Canada's new 12-cent Elizabeth II coil, announced for March 1, appeared on schedule, but the six Wildflower stamps, originally scheduled for the same date, will be issued instead on April 22. A single Endangered Wildlife stamp showing as Eastern cougar will be released March 30, and another single, dedicated to the institution of Parliament, has been added to the schedule with May 3 as its first day of sale.
Two stamps due May 26 will honor Tom Thompson, and a single postal item - instead of four as originally planned - will be introduced Juned 30 to commemorate what is referred to as the 25th anniversary of Canadian-born governors general.
The single value commemorating the 50th anniversary of Peace Bridge, connecting Buffalo, N.Y. with Port Erie, Ont., is due Aug. 3.
Springpex '77, sponsored by the Springfield (Va.) Stamp Club, will be held Sunday, March 27 at the Holiday Inn, 6401 Brandon Ave., Springfield. A special show cover will be available for 50 cents from the Springfield Stamp Club, P.O. Box 544, Springfield, Va. 22050.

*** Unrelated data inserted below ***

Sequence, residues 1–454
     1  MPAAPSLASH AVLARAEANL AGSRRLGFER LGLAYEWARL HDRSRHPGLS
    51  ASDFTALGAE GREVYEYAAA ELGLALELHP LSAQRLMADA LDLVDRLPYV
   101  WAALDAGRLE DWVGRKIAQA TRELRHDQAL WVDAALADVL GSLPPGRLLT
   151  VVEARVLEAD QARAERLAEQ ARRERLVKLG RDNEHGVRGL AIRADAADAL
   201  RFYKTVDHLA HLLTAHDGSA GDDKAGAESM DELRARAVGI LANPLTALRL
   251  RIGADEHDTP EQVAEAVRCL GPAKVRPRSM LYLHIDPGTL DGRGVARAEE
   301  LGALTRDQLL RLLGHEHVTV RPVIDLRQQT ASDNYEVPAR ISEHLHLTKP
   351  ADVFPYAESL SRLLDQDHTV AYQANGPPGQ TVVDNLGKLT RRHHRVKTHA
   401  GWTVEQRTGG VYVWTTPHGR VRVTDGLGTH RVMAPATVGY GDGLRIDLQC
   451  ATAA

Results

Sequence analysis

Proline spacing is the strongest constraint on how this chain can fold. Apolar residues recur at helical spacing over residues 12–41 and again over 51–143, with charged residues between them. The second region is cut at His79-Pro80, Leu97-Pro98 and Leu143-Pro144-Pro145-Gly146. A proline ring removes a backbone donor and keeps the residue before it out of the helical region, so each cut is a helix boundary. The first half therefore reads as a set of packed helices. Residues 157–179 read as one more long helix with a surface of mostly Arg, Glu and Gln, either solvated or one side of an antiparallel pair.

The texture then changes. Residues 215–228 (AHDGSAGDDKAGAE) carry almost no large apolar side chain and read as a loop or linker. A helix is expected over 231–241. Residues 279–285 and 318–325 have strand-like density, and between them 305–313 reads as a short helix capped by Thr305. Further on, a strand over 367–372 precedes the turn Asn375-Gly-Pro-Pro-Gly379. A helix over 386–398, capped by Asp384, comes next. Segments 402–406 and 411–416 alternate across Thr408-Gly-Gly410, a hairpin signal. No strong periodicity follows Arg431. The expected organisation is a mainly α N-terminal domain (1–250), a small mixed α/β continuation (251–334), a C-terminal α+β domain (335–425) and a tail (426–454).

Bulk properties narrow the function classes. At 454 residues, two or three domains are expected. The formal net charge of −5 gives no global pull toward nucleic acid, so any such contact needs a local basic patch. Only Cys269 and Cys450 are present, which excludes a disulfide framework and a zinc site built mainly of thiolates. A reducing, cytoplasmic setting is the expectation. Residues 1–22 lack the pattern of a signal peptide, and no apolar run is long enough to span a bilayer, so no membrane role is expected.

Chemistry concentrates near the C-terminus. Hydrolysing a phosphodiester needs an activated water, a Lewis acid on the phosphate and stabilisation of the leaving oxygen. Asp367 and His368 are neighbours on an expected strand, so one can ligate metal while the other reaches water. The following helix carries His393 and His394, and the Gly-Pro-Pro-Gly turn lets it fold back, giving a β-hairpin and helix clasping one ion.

France will issue a 1.9-franc pictorial to mark Lindbergh's flight of 1927. Others issues include the 80-centimee "Le Souvenir Francais" (March 7), a three-franc item reproducing an original work by Vasarely (April 6) and a 1-franc pictorial with a view of Annecy (date not indicated). Also announced was a 1-franc Nature Conservation stamp for Andorra (April 4) picturing an ermine.
Malta will issue four striking stamps March 3 reproducing Flemish tapestries, and South West Africa has announced plans to release four stamps picturing the Namib desert.